Sunday, March 3, 2024

Why is Kerala searching for a rogue elephant named Arikompan since 2018?

On Saturday, a major mission was undertaken by the forest department in Kerala to translocate a wild elephant named Arikompan from Chinnakanal, near Munnar in Idukki district.

After several hours of effort, the elephant was finally darted and shifted to a truck, which had been turned into an animal ambulance. The elephant was being translocated to a location near the Periyar Tiger Reserve in Idukki district, which is approximately 120 kilometres from Chinnakanal.

The forest authorities did not disclose the location to which the Arikompan was being shifted, fearing possible resentment from people. The name Arikompan is an amalgamation of ‘Ari’ which means rice in Malayalam and ‘kompan’ meaning tusker.

The elephant was first spotted when it was approximately one year old in Muttukadu cardamom estate of Vaikundam Plantations near Chinnakanal. Back then, the population in the area was low, but now the number of houses has increased.

The Arikompan has been responsible for trampling as many as 11 people to death over the years

Earlier known as ‘Kallakkomban’, which means the tusker who steals, Arikompan was frequently found in 301 Colony. Fearing for their lives, some locals have moved away from the settlement. Arikompan is not a killer bull, but the rice raids have affected normal life.

Peoples’ representatives welcomed the Forest department’s decision to capture Arikompan. “The decision will come as a big relief to the people in Chinnakkanal and Santhanpara panchayats,” Santhanpara panchayat president Liju Varghese said to The Hindu.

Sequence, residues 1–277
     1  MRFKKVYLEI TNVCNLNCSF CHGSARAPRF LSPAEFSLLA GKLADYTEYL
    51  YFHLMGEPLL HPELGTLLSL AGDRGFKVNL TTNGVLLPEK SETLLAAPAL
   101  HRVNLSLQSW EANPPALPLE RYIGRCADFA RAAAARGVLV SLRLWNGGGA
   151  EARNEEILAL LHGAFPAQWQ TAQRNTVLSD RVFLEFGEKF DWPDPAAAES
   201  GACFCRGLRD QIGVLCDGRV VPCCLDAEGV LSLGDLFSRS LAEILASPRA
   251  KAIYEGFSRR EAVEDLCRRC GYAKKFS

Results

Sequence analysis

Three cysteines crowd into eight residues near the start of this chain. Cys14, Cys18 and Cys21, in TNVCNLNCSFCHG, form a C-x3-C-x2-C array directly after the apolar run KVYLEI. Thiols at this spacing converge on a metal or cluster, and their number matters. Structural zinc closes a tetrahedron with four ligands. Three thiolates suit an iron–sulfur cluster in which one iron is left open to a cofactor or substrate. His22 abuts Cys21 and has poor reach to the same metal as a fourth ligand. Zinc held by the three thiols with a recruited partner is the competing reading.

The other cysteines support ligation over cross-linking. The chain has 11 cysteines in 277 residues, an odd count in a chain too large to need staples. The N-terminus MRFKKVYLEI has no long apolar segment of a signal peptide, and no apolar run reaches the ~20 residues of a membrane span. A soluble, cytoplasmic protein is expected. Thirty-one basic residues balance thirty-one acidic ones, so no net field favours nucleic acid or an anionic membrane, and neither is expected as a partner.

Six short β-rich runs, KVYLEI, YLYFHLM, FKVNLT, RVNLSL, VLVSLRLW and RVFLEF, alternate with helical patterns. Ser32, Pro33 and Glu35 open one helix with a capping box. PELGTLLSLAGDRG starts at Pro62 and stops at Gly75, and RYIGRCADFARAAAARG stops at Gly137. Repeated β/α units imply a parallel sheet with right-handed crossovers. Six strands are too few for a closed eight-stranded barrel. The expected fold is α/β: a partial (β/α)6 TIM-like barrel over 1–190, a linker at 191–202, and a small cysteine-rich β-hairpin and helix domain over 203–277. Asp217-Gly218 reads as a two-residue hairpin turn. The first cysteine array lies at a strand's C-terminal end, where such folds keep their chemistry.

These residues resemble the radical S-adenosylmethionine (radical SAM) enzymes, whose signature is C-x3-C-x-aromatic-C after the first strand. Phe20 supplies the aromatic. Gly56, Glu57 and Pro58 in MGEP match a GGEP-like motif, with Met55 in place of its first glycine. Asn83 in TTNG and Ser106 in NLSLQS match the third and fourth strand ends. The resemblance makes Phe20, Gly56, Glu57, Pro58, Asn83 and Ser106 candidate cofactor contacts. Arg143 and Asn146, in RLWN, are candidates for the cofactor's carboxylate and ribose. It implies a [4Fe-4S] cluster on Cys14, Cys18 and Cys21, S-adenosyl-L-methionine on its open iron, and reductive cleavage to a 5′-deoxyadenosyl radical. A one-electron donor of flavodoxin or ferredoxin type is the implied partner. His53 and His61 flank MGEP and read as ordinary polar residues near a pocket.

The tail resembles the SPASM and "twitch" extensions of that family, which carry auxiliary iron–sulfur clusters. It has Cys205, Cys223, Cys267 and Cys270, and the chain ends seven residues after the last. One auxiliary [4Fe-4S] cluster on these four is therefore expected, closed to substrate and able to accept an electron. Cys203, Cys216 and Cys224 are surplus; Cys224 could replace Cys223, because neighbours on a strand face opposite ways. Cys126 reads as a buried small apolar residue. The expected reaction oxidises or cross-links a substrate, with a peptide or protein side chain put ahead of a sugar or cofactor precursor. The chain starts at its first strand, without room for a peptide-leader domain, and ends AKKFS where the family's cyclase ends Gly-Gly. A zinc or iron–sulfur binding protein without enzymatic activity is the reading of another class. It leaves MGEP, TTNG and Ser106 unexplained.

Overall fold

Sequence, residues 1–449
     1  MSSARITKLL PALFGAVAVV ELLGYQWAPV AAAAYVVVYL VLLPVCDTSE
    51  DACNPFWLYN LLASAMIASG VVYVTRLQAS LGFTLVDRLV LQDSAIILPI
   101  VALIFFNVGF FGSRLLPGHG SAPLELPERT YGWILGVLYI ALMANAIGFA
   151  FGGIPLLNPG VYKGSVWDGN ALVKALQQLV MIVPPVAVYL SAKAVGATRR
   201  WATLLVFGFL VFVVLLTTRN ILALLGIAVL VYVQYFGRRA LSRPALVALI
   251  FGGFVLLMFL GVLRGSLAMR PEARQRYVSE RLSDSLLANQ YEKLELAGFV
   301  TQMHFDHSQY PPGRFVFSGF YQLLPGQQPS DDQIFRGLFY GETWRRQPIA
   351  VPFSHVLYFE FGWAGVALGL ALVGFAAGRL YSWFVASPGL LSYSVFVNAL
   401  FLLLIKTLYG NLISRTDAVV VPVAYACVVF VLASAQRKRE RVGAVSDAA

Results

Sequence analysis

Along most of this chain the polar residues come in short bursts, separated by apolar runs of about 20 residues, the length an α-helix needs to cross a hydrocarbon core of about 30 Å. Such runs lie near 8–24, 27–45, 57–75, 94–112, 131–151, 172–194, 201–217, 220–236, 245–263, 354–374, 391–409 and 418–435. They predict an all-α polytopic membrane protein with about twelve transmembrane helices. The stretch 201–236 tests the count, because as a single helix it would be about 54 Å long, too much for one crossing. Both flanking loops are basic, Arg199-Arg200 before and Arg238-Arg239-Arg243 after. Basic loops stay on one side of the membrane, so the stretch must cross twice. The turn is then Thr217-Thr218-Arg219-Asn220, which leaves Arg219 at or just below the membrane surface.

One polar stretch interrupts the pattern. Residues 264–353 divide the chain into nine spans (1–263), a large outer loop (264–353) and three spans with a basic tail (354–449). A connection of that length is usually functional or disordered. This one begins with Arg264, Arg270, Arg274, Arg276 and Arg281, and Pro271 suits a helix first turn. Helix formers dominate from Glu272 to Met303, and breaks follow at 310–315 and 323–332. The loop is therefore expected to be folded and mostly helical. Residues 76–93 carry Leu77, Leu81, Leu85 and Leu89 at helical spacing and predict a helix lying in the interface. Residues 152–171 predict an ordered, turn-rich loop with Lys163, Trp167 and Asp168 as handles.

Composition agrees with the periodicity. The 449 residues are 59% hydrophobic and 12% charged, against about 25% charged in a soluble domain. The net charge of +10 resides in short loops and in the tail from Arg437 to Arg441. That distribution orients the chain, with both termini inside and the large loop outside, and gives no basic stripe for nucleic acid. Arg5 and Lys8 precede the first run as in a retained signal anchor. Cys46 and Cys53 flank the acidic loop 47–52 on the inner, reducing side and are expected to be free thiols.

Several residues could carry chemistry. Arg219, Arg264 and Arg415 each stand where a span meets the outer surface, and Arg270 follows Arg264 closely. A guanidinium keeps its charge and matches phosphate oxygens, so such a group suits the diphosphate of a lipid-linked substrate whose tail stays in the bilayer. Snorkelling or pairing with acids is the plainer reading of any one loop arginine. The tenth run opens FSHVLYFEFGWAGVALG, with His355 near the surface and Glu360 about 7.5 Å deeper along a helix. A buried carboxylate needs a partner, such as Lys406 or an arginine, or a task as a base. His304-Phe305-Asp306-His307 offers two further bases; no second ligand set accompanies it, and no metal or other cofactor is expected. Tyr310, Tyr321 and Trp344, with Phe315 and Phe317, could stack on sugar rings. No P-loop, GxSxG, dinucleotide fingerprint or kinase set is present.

The day’s mission began around 6 am. Arikompan was in a hilly terrain and was brought to the location identified for the mission by bursting crackers. A team led by chief veterinary surgeon Dr. Arun Zachariah tranquilized the tusker by around 12 noon. Around five rounds of booster doses were required to tranquilize the elephant. The presence of another wild elephant, named ‘Chakkakomban’, made the operation more risky.

Subsequently, four trained elephants (‘kumkis’) took position around Arikompan. Its legs were latched, and a GPS based radio collar was fixed. By around 5 pm, four kumkis pushed Arikompan to enter the truck, but in between, the tusker made resistance bids. Heavy rains in the locality also made the mission more tedious.

Later, the translocation of the elephant began with a long convoy comprising senior forest department officials. The mission is likely to be over only by the wee hours on Sunday.

The mission team worked under adverse conditions to capture Arikomban … “We shall transfer the elephant to an undisclosed location as per the court order”, Kerala Minister Minister AK Saseendran said in a press conference.

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